Heroin chic and other bad trends: a vicious cycle

Heroin chic

The body has been considered a fashion accessory for at least a century. I say this as a grown woman who understands that she has an unhealthy relationship with her body but cannot seem to do anything about it. It triggers me whenever a ridiculous ‘body trend’ threatens to turn another generation of teens into body dysmorphic, anorexic, unhappy, unhealthy people. Though this may seem like an overreaction, I cannot honestly think of a single teenager with a healthy relationship with food and their body. So it comforts me to know that I have found a kindred spirit in British actress Jameela Jamil. Jamil raises all the hell I want to raise with these issues. So when the New York Post published an article proclaiming the resurgence of ‘heroin chic’, she went on the offensive. She wrote an article against it in Paper Magazine, condemning the so-called revival and other harmful weight-loss practices that prevail in Hollywood. I second her announcement of the need to discuss the glaring issues with this trend, so here are my agitations with ‘heroin chic’ and all those other destructive body goals.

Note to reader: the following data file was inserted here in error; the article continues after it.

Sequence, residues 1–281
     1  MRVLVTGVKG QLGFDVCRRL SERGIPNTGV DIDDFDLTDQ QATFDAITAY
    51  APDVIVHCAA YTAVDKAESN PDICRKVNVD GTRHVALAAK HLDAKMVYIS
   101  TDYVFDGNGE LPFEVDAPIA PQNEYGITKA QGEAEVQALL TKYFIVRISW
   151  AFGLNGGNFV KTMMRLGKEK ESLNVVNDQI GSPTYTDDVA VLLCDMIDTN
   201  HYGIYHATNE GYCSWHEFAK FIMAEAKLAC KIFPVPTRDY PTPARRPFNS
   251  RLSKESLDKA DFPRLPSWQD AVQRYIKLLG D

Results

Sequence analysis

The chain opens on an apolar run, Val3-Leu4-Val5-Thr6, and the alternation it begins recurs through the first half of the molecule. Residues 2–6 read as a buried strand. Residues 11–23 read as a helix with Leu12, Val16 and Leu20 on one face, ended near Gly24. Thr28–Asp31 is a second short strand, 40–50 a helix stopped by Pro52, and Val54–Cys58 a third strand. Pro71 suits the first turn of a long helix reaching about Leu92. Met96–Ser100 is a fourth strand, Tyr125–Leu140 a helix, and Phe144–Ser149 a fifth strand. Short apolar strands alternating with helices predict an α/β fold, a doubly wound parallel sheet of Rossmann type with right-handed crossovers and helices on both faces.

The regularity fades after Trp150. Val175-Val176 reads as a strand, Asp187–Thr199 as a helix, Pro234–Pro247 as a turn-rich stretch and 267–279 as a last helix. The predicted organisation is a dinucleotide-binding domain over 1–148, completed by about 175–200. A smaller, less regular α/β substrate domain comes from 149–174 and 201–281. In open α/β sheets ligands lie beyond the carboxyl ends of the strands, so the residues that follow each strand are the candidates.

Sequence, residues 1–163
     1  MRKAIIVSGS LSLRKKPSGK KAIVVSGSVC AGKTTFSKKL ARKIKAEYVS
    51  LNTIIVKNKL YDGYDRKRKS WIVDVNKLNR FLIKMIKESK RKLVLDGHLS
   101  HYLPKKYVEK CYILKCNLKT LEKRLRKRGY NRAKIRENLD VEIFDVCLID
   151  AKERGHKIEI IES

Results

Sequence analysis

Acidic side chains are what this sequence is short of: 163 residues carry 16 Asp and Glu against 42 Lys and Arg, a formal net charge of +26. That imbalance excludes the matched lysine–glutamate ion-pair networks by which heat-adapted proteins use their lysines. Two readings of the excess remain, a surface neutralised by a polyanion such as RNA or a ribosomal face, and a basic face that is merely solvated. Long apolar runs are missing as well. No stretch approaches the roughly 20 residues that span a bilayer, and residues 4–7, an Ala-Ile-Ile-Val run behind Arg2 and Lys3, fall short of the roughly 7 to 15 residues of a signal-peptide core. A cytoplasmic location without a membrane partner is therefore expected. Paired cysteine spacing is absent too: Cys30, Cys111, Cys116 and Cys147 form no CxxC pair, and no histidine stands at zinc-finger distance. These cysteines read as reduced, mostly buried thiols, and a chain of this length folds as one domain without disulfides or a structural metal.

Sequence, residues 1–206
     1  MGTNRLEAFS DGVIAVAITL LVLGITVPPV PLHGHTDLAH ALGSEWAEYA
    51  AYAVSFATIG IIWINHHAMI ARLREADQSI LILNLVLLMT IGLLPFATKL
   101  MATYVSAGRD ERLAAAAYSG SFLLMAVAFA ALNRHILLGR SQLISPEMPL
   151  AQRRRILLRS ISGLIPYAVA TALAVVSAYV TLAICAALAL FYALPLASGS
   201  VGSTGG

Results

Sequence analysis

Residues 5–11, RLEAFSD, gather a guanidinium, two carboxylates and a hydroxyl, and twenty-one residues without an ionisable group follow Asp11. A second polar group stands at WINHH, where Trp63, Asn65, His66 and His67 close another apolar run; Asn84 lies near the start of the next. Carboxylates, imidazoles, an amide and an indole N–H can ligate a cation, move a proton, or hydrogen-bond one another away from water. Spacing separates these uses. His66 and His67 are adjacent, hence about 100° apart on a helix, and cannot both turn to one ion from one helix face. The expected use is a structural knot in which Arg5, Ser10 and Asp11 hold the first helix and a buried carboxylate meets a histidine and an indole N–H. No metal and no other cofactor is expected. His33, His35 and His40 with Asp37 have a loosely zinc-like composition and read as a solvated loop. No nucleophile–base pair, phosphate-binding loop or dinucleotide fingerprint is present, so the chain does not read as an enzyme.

What in the world is ‘heroin chic’?

The New York Post article that lit the body type debate aflame

It’s time for a history lesson. The 1980s was the era of the Supermodel. Think Cindy Crawford, Naomi Campbell, Brooke Shields, and Princess Diana—still considered ideals of beauty. The ’80s girl was athletic, vibrant, fresh, and able to make those spandex leggings look good.